Expressing partisanship: Not equally situated but driven by one goal

By Atty. Anfred P. Panes

The 2022 national elections campaign period officially kicked-off last February 8, 2022.  Proclamation rallies simultaneously took place in strategic areas all over the country which subsequently launched a more dynamic, engaging, and discursive political climate. Nevertheless, the grassroots’ voices behind the rallies are not equally situated.

The citizenry in the private sector enjoys political expression as a blanket opportunity provided it is within the bounds of laws and statutes. However, for the officers and employees of the civil service, there is a constitutional prohibition on their engagement, directly or indirectly, in any “electioneering” or “partisan political activity” as enshrined in Section 2 (4), Article IX-B of the Philippine Constitution. Engagement in partisan political activity includes acts designed to promote the election or defeat of a particular candidate to a public office.

In the 2010 case of Quinto and Tolentino v. Commission on Elections (COMELEC), G.R. No. 189698, the same import of constitutional injunction was pronounced by the Supreme Court with reference to the provision of Chapter 7 and Section 55 of the Administrative Code against partisan and electioneering activities.  However, as a sublime exception, the law should not be understood to prevent any officer or employee from expressing his or her views on current political problems or issues, or from mentioning the names of his candidates for public office whom he or she supports.

Also, as an exception to this prohibition, public officers and employees holding political offices, such as the office of the President, Vice President, cabinet members, and elective local officials, excluding barangay officials, may take part in political and electoral activities provided that they do not solicit contributions from their subordinates or subject them to any of the prohibited acts as enumerated under the Election Code. In conjunction with this, the Civil Service Commission (CSC) and the COMELEC issued the Joint Circular No. 001, s.2016, to remind public servants of their rights and limitations within the purview of political expression.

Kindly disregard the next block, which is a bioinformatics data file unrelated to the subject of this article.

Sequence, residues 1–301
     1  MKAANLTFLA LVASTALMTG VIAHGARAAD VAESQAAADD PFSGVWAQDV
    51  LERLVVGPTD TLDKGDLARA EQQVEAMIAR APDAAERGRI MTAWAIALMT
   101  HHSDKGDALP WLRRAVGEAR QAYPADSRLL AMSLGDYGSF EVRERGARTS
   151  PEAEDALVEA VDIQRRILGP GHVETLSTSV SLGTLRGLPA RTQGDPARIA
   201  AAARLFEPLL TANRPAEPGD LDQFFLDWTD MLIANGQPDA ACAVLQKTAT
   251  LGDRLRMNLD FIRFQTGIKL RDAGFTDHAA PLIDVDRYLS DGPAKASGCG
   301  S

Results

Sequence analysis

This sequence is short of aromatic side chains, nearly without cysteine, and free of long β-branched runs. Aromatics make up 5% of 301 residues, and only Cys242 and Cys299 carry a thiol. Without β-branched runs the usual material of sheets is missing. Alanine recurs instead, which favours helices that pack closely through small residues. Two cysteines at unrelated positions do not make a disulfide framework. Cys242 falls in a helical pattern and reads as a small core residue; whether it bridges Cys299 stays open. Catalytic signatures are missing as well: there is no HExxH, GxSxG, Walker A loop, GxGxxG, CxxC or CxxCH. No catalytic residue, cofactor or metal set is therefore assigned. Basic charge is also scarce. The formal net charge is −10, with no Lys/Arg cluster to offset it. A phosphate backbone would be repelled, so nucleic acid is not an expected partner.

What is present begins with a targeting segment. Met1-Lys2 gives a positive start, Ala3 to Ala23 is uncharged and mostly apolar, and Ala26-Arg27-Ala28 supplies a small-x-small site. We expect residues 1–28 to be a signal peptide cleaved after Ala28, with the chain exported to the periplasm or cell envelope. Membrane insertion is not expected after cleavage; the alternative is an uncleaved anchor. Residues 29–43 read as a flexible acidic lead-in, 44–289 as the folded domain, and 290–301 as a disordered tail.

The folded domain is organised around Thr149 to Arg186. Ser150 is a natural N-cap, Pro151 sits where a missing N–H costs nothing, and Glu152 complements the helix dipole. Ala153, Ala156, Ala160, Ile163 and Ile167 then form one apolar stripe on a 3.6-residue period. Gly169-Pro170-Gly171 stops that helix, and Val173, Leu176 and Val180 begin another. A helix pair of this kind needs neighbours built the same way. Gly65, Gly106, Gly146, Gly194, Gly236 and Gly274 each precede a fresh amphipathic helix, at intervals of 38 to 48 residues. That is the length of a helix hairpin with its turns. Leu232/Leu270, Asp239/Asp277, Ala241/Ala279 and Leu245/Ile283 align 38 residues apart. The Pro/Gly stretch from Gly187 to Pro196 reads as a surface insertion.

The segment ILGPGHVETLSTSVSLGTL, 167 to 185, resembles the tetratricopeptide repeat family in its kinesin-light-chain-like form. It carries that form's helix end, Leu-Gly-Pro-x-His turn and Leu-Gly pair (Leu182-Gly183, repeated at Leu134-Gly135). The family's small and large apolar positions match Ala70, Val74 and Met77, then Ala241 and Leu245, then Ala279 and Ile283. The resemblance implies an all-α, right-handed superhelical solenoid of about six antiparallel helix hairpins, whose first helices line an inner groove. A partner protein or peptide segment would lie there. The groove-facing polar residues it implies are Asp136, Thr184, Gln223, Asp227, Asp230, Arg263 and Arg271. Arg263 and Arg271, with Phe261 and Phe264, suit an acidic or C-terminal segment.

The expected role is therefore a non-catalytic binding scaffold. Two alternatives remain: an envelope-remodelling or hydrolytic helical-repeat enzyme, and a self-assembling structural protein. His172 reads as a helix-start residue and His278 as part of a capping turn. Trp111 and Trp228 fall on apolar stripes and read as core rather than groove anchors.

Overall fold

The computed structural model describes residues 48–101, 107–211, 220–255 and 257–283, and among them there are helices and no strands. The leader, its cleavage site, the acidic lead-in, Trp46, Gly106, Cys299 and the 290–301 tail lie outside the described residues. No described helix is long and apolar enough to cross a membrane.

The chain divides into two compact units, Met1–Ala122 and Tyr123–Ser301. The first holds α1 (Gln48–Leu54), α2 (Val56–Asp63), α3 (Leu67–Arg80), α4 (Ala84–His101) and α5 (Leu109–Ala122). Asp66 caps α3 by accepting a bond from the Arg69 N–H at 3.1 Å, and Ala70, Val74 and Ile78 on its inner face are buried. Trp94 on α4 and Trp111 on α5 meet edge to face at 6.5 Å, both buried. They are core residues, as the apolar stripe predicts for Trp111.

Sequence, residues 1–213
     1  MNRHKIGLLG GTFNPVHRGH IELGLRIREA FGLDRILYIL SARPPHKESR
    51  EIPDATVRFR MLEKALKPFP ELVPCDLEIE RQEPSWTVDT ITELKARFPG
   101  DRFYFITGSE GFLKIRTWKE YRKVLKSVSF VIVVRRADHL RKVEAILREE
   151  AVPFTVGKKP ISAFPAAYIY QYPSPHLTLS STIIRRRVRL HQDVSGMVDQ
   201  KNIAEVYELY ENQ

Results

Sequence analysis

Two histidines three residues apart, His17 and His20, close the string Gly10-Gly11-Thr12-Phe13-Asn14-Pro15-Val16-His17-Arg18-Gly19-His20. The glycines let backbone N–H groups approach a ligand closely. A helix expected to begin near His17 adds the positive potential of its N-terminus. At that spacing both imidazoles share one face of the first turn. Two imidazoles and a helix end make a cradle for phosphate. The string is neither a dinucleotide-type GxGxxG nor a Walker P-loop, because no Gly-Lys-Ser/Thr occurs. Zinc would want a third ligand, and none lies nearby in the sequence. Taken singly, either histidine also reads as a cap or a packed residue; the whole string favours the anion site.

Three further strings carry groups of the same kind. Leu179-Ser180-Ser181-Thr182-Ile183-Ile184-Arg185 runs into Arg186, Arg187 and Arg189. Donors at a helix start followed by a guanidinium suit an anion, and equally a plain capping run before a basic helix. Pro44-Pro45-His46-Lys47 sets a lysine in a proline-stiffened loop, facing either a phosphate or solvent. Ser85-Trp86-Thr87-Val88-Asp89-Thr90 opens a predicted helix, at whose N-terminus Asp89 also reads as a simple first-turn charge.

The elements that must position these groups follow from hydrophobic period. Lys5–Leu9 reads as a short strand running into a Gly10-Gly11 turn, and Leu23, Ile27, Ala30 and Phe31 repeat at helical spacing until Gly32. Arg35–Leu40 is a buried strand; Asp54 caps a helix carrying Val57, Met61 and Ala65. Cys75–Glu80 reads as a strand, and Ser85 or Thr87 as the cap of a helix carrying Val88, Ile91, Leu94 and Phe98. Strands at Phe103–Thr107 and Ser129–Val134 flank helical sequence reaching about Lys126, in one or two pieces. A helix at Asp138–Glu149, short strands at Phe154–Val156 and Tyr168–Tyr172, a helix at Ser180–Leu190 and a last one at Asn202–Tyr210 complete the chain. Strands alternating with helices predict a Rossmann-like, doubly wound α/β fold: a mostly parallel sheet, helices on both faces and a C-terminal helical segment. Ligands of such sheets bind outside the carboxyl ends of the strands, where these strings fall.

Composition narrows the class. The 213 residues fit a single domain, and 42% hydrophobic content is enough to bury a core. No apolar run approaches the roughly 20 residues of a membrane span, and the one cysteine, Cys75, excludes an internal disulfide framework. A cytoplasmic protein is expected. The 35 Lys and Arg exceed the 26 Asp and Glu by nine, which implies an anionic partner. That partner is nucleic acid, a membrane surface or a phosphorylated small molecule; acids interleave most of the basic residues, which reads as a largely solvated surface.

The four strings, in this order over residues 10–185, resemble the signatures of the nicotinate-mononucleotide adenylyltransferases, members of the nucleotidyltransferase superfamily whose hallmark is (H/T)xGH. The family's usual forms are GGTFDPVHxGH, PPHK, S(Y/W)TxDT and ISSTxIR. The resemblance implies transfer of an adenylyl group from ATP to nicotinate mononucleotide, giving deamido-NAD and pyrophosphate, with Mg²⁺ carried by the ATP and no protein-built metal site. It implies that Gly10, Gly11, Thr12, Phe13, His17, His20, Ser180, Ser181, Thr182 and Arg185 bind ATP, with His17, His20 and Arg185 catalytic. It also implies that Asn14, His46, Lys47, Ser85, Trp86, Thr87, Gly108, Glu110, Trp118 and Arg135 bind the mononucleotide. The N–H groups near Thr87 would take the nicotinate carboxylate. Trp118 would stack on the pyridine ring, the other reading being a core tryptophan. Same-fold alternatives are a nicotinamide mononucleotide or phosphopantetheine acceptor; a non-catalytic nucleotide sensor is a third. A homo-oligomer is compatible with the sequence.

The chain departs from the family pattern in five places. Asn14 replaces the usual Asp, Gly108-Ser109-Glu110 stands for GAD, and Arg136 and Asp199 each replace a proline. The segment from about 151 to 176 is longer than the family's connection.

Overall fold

While the democratic impulse is constantly engaging and activating the populace, we need to be reminded of our legal and moral duty to vote not only for ourselves but for the generation who will experience the choice of the present.  Although the choice of person is not definitive of one’s humanity, it is, at the very least, a close approximation of one’s individual sensibilities. Your choice is a reflection of how much you have learned from the mistakes of the past, as well as a reflection of the general trajectory of your current moral compass.

This constant reminder still stands. Let us never forget the vestiges of the cruel past. The command of the majority does not always translate to the best interest of the general welfare when there is systematic control and manipulation. Nonetheless, we still acknowledge that we are starting a ripple of correctly informed political consciousness to elect a leader who can champion the essence of democracy, human rights, rule of law, and competence in governance.

Among our roster of presidential aspirants, we still see a small ray of hope in breaking the machismo glass ceiling in the Chief Executive post. Incidental to the intersectionality of gender and leadership, we must come to accept that the Presidency is no longer confined to men, because the “last man standing” among all Presidentiables can surprisingly be a woman.

The author is the Founding Partner of A. Panes Law and a Professorial Lecturer of the USA College of Law.